Part of keeping your marketing in tip-top shape is checking to see how well your website continues to perform, especially on mobile. In today’s mobile marketing world, 40% of users on a mobile device will leave if the site doesn’t load in a mere three seconds, and 52% of users claim that site-speed influences their brand loyalty.
On top of this, the internet is constantly changing its algorithms and requirements for what defines a website as “good.” To keep your website current, you can run a quick mobile website audit, like this one from Google, to see what changes you can make to optimize your website for mobile users.
When you run your website through the mobile website audit, little web-bots will crawl your site and check for hundreds of things like server speed, optimized images, and responsiveness. They will then give you a score out of 100 with a list of guidelines you could follow to increase that score.
Here are the results for an audit on Google.com.
Now, this score is from Google.com’s website audit, so don’t feel defeated if your website’s score is not so close to 100. Anywhere from 40-80 is reasonable for test results. Shown below are the errors of a site might look like for a site that did not get 100.
Here are a few of the most common “errors” that show up in website audits how to improve them:
1. Optimized images
One of the most common reasons for having a slow-load time or lower mobile score has to do with images. There are a few different variables that are tested on images, and all can impact your score.
When you put images into your site, you need to optimize them. This means they need relevant titles (the web-bots read them) and they need to be an optimal size/resolution.
Image titles and alternate text can negatively impact your site because without a title, they are uncategorized. Computer programs, like Google, that crawl your website will be unable to read these images if they lack titles or alternate text.
What is Alternate Text? alternate text is a short word or phrase that tells a user what an image is displaying. This alternate text is read when your site is crawled by computers and when screen readers are reading your page. If your image has no alt text, it can’t be read.
Check to make sure all your website’s images have proper titles and alternative text, a quick fix that could help your site overall!
Finding the right size and resolution for images on your site may differ from other sites. The size will also vary depending on which page the image is displaying. It will also depend on the theme and layout of the entire website. You probably don’t need the highest resolution, HD1200 x1200, images for every picture on your site. These are huge files and will slow down your server response time.
It’s best to let your programmers or anyone that will be adding photos to your site know what the best image size should be to ensure they are optimized before they are included on pages. To fix images already published on your site, you might have to take them off the site. If it’s a wordpress site, changing out larger images for a smaller image choice in your media library may help with speed, just remember to optimize the name and alternate text!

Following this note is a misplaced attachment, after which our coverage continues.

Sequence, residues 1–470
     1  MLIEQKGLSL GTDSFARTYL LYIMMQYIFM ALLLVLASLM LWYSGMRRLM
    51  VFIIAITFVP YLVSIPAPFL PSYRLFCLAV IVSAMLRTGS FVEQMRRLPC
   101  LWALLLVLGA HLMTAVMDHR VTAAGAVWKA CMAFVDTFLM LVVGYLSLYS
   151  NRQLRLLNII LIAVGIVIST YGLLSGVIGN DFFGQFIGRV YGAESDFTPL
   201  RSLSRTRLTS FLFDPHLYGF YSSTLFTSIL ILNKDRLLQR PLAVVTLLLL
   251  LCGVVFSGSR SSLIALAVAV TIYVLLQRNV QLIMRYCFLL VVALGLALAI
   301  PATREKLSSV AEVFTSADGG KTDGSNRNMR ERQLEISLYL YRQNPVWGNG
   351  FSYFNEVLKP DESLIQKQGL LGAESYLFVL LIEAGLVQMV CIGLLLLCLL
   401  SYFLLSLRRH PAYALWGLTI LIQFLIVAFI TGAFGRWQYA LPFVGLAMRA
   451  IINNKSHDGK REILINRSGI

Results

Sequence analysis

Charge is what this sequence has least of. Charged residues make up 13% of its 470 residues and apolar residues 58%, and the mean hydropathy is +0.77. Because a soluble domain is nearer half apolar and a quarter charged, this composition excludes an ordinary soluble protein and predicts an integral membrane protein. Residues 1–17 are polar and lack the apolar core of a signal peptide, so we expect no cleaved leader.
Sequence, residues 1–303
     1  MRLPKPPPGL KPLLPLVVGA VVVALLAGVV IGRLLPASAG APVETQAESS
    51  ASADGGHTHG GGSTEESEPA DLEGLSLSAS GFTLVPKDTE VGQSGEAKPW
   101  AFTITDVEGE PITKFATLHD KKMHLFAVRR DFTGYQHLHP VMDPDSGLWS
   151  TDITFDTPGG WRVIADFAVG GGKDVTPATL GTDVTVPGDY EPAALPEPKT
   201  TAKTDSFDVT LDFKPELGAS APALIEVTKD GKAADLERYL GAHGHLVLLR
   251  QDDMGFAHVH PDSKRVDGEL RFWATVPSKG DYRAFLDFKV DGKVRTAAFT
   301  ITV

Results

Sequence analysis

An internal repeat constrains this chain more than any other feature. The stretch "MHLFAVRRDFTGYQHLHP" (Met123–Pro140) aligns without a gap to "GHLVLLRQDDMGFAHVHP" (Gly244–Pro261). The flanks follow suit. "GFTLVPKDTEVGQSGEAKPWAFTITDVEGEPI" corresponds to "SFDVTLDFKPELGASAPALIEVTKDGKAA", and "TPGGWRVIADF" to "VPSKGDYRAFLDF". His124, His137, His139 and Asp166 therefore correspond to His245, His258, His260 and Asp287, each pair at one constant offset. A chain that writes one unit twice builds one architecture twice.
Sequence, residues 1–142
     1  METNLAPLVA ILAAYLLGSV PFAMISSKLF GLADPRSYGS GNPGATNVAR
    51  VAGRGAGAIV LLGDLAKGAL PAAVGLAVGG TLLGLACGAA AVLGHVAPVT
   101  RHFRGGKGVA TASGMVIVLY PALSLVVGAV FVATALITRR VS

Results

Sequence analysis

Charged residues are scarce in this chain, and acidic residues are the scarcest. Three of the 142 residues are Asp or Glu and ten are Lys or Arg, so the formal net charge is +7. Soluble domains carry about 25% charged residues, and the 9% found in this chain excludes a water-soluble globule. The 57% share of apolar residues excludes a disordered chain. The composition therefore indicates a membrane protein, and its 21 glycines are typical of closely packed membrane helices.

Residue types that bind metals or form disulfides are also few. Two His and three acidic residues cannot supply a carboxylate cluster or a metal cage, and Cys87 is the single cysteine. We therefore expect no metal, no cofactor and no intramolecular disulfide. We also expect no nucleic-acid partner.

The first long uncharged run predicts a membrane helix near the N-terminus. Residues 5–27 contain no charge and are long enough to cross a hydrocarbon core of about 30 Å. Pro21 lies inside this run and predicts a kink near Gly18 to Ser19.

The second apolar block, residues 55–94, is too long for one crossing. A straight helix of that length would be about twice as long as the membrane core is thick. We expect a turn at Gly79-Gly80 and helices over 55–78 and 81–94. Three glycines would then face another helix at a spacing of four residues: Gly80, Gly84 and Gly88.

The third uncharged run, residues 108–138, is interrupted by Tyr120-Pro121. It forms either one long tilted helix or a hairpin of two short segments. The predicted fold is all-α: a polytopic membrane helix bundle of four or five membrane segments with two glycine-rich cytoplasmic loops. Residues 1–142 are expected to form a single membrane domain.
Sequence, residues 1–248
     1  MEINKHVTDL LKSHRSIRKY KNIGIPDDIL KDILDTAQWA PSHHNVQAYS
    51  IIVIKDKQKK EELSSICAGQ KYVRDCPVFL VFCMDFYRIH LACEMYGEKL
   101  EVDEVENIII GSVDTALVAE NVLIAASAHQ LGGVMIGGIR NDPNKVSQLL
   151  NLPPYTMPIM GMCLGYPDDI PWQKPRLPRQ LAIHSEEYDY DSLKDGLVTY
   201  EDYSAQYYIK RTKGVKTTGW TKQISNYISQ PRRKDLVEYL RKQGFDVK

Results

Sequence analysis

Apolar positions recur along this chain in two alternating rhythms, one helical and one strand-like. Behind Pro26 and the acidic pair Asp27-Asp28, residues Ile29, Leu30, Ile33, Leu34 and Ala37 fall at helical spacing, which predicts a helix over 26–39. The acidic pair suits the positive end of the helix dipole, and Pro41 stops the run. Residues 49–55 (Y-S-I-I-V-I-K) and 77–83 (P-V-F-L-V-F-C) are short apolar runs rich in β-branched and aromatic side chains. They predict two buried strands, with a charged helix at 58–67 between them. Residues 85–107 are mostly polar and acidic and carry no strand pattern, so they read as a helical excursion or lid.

2. Plugins and Updates
Another common culprit that could be working against your website is your plugins and the the updates they need. Errors like these could stem from lack of updates, conflicting plugins, or too many widgets.
An easy way to keep this in check is to implement some sort of annual maintenance on your site to update your plugins, check your forms, and any other updates (such as theme) that need to happen. Like a vehicle, you’ll need to get the oil changed to keep everything running smoothly.
Plugins or widgets that are out of date will start to run slower and slower as time goes on, and can even become incompatible with your site if left alone for too long. The same can be said for any theme updates or widgets on your site. Making a plan to back your site up and update everything monthly can keep your site running as efficiently as possible. Even simple things, such as clearing your website’s cache each month, can increase efficiency.
3. Be Mindful with Moving Parts
Adding anything to your website requires code to be entered, either already written in the extension you are adding, or a programmer will be writing it in. This means that although you might find a really neat, interactive plugin that tells you the weather, makes you a bagel, and walks your dog, it might be slowing down your site because it requires a hefty amount of specialized code. This code can conflict or have hidden codes inside of it that can slow down you mobile speed. Make sure to thoroughly check any extensions to make sure they are compatible with your server and site.
By testing your site and working on a few errors at a time, you can help to keep your website running efficiently. If you’d like to learn more about your site’s mobile speed or how you can improve your online presence, connect with Art Unlimited today!
Interested in finding out how mobile-friendly your website is?? Take the Google Think Mobile Test right here!